The language used in the Scriptures for this sort of thing is full of intense interest. Some time ago I was reading in the old prophecy of Daniel. I was not thinking of this matter of winning men but simply trying to get a fresh grasp of that wonderfully fascinating old bit of prophecy. And all at once I came across that gem in the last chapter. I knew it was there. You know it is there. Yet it came to me with all the freshness of a new delightful surprise. |They that are wise shall shine with the brightness of the firmament; and they that turn many to righteousness as the stars forever and ever.|
Four times in those last two chapters of Daniel it refers to those that are |wise|; literally, those that are teachers. Those who have themselves learned the truth and are patiently, faithfully, winsomely telling and teaching others. The word used for influencing the others is full of practical picturesque meaning. |They that turn many.| As if a man were going the wrong way on a dangerous road. And I know it's the wrong way. There's a sharp precipice ahead. But he is going steadily on, head down, all absorbed, not noticing where the road leads.
I might go up to him, and strike him sharply on the shoulder to get his attention, and say, |See here, you're going the wrong way; can't you see the danger ahead there? Come this way,| with a vigorous pull. I have sometimes seen that done, in just that way. And if the man is an American, or an Englishman, or a German, -- we're all very much alike, -- he will say coldly, |Excuse me. I think I can take care of myself. Thank you. I'll look out for this individual.|
Or, I might slip gently up to the man, and get my arm in his, and begin to turn, very gently at first, and turn, and turn, and then turn some more, and then farther around still, and walk him off the other way. You will have to get close to a man to do that. Some folks never do. And you'll have to be at least half-way decent in your life to get close. Some folks never can. And you will need to be warm enough all the time inside, to melt through the icy cloak of indifference beneath which his heart may be wrapped up. But I can tell you this: the old world where you and I live is fairly hungry at its heart, with an eating hunger for turners of that sort.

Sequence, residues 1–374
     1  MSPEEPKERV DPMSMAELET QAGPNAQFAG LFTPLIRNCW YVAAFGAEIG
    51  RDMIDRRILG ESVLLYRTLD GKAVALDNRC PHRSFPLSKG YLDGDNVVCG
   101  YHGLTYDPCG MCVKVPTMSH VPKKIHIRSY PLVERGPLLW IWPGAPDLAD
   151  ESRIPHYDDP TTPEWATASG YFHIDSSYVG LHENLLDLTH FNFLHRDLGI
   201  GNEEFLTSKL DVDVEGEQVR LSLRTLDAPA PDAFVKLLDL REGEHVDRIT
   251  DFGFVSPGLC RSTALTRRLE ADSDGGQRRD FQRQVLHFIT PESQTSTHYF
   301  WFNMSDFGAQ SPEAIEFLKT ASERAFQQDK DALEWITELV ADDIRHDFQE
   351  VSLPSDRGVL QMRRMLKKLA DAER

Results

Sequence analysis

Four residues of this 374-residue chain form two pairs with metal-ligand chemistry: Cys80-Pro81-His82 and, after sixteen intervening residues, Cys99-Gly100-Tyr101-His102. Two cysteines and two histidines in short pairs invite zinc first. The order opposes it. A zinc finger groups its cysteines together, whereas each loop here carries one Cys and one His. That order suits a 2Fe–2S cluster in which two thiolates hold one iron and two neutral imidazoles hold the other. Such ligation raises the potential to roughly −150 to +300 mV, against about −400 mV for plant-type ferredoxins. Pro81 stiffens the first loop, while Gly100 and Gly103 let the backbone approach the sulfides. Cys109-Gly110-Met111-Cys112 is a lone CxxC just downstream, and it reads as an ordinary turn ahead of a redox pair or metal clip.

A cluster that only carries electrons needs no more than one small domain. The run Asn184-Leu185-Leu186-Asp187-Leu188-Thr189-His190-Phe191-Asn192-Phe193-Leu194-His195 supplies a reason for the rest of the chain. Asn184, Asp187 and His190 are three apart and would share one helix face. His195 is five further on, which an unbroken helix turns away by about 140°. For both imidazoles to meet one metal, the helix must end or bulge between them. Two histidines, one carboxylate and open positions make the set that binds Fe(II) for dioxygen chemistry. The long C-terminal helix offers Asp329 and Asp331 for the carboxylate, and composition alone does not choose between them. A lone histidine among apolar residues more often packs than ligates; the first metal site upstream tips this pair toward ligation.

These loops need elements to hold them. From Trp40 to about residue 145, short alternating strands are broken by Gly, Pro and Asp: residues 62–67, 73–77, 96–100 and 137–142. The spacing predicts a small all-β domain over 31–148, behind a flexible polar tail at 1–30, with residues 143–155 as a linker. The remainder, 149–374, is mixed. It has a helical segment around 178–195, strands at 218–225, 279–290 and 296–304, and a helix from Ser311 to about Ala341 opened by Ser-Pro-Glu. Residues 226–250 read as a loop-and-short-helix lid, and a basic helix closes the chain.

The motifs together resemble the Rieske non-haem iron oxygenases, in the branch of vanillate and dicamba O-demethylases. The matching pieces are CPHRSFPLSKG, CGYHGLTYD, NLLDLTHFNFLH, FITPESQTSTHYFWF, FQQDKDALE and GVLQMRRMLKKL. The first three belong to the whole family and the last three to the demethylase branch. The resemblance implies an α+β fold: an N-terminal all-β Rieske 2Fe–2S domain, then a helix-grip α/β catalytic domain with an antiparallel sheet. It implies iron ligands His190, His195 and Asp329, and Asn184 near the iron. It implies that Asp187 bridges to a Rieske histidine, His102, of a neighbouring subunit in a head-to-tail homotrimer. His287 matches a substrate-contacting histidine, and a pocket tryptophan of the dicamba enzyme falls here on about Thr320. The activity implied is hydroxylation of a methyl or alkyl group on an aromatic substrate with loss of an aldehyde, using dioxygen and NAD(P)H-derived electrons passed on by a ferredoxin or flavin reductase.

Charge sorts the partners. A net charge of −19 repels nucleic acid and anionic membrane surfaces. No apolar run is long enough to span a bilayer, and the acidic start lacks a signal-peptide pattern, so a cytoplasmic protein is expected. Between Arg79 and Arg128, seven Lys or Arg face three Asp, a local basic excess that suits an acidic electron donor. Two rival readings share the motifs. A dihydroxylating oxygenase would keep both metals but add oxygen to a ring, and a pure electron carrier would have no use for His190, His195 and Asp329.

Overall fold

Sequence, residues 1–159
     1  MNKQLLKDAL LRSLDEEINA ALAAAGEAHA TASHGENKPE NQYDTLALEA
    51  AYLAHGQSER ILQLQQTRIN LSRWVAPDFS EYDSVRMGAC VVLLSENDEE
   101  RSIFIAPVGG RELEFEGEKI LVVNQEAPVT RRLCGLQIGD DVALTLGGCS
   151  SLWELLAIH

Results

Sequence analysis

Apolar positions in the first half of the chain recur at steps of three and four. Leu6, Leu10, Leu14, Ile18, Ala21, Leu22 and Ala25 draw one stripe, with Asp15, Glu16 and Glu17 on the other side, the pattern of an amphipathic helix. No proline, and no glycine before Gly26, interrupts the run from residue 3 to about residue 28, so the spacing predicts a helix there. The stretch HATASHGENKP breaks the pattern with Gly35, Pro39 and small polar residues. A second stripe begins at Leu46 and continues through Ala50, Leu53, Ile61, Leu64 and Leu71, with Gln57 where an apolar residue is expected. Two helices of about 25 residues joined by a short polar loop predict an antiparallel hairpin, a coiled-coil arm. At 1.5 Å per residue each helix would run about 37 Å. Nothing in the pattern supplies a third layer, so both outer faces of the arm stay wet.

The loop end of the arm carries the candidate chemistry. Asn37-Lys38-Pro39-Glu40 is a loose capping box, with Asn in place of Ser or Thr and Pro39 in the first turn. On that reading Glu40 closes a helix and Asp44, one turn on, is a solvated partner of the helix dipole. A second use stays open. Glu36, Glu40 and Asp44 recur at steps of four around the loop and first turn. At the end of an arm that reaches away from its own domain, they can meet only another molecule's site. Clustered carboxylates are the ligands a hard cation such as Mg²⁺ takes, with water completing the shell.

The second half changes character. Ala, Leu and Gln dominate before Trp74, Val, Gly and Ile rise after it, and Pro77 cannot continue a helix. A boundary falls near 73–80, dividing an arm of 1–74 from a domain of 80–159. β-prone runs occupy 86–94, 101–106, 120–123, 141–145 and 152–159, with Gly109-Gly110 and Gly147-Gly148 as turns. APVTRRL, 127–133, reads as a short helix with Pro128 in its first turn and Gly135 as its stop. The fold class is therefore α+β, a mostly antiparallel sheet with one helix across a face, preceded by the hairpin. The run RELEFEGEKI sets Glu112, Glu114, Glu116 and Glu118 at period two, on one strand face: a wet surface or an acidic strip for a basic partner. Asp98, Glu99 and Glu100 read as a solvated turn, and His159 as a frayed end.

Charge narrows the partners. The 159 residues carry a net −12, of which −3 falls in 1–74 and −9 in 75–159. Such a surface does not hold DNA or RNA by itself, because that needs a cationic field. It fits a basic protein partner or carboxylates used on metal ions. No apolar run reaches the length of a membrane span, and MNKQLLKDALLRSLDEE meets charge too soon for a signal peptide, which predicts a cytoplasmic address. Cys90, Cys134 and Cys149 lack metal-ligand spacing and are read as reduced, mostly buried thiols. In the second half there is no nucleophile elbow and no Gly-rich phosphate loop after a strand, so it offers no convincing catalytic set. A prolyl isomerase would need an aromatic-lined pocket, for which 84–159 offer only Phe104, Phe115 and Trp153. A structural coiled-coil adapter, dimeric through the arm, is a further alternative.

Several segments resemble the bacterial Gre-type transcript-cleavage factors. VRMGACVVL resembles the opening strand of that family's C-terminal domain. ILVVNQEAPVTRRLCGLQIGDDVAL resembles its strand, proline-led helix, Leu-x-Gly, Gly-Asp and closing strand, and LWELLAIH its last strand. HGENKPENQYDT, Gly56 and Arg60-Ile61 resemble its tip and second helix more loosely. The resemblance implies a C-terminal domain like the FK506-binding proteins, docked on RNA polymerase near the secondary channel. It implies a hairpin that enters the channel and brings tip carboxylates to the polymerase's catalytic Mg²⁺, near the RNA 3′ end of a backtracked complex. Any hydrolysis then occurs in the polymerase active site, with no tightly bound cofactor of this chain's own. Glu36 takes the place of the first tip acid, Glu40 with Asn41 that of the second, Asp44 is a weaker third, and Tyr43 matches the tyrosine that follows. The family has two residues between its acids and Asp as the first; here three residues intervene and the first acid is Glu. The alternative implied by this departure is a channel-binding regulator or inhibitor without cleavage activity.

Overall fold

And the promise of that old prophetic bit is this: |They shall shine.| You know everybody wants to shine. It is right to be ambitious, with a right ambition. But if any of you are ambitious to shine in some other sky than this, in your profession, in social life or in some firmament lower than this, may I gently make this suggestion to you? Do your best shining now. Get on the brightest shining surface possible now. For this is your shining time. This is the sky-time for that sort of thing. It won't last long, I must tell you frankly. And at the end a bitter biting at your heart.
I am fond of watching a display of fireworks on a Fourth of July night. Perhaps the night is clear, the sky full of stars, bright and sparkling. A sky rocket is sent off. It goes up with a rush and a noise. There is a dash of many colored beautiful fire-stars. And a murmur of admiration from the crowd. For a few moments you can see nothing as you look up but this handful of fire-stars. The clear quiet stars beyond are eclipsed for a narrow circle of space, and for a few moments of time.
It doesn't last long. A small fraction of a minute at the most. Then it's all over. And all that is left is a charred stick that sticks in the mud, nobody knows where, nor cares. But look up yonder, the stars you could not see a moment ago for these momentary ones are shining more brightly than ever by contrast,
|... And singing as they shine.
The hand that made us is divine.|
You shine in the lower skies if you will. And of course you will if you will. You will do as you will to do. But, at the end -- a charred stick, a bad taste in your mouth, a sharp tugging at your heart. And the story's told. The last chapter's ended. The book is shut. But they whose one absorbing ambition it is to turn others to righteousness may not shine much here in earth's skies. And they may a bit, and it recks precious little either way. But they shall shine as the stars, as bright and as long.
It does not mean Atlantic coast stars. It means desert stars, Babylonian stars, where one can see so many more than here. They shake their wondrous fire-light down into your face, and fairly dazzle your eyes. You |shall shine as the stars,| as bright and as long.